Macau wrapped up its public consultations to changes in its gaming law on Monday, with the regulator saying a proposal to restrict dividends is to ensure the city meets its economic diversification goals.
According to local media reports, participants in the session questioned the government about aspects of the proposed amendments that have raised alarm amongst investors.
One area of concern is that potential restrictions will be placed on the ability of the operators to pay out dividends. In reply, Macau Business reports that the head of the legal division of the Gaming Inspection and Coordination Bureau, Hoi Song U, wrote that the requirements were “to make sure operators can use their profits to promote the economic diversification of Macau.”
Bernstein Research notes that this limitation has been questioned by several lawyers as to whether the government has a right to single out gaming operators over their dividend distribution policies.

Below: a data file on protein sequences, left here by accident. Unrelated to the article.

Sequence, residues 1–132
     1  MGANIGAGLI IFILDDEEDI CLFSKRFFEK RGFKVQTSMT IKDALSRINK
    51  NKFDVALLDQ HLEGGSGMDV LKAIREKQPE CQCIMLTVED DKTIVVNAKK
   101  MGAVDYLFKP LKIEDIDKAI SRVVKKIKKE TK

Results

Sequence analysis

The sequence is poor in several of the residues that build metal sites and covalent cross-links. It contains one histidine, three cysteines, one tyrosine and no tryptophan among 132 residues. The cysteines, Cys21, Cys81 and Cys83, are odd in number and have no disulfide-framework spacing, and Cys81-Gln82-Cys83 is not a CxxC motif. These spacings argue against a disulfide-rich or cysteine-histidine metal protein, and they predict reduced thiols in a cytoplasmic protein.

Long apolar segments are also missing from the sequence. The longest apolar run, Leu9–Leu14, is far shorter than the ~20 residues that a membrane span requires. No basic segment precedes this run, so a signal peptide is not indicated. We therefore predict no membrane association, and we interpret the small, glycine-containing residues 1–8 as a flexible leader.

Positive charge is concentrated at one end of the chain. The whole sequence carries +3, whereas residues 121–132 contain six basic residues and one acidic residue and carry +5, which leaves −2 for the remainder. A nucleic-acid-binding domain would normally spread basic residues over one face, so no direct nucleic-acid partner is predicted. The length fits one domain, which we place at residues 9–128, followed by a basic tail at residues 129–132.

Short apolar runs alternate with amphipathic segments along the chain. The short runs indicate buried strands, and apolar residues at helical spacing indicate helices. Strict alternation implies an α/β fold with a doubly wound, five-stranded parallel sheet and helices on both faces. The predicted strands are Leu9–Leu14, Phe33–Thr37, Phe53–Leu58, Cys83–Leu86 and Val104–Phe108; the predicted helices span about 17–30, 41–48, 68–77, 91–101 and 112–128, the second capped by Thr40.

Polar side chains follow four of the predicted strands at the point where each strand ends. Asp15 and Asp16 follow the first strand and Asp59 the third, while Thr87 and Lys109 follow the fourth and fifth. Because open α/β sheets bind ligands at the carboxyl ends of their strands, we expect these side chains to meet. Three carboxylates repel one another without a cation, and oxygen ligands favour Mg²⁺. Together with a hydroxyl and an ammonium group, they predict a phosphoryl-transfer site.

Another area of concern was a proposal to raise local ownership in the operators to above the current 10 percent. Bernstein’s take was the government was unsuccessful in its attempts to add clarity in this area.
The consultation sessions were seen as an integral part of the revision to Macau’s gaming law, ahead of the retendering for the concessions, which expire next year.
The meetings had to be rescheduled twice due to a local outbreak of Covid and a typhoon. On the whole, observers note that they have been poorly attended and lasted only a fraction of the allotted time.
The publication of the law last month triggered a panic selloff in the stocks of the operators, wiping more than $18 billion off their market value in one day. The proposals were seen as a sign China is trying to gain greater control over Macau’s gaming industry.
The main problem was the lack of detail in the amendments, which left investors and operators clamouring for more clarity and which hasn’t yet been provided in the consultation process.
“Macau stocks have significantly underperformed benchmarks and the policy concerns are over-hyped in our view,” Bernstein wrote.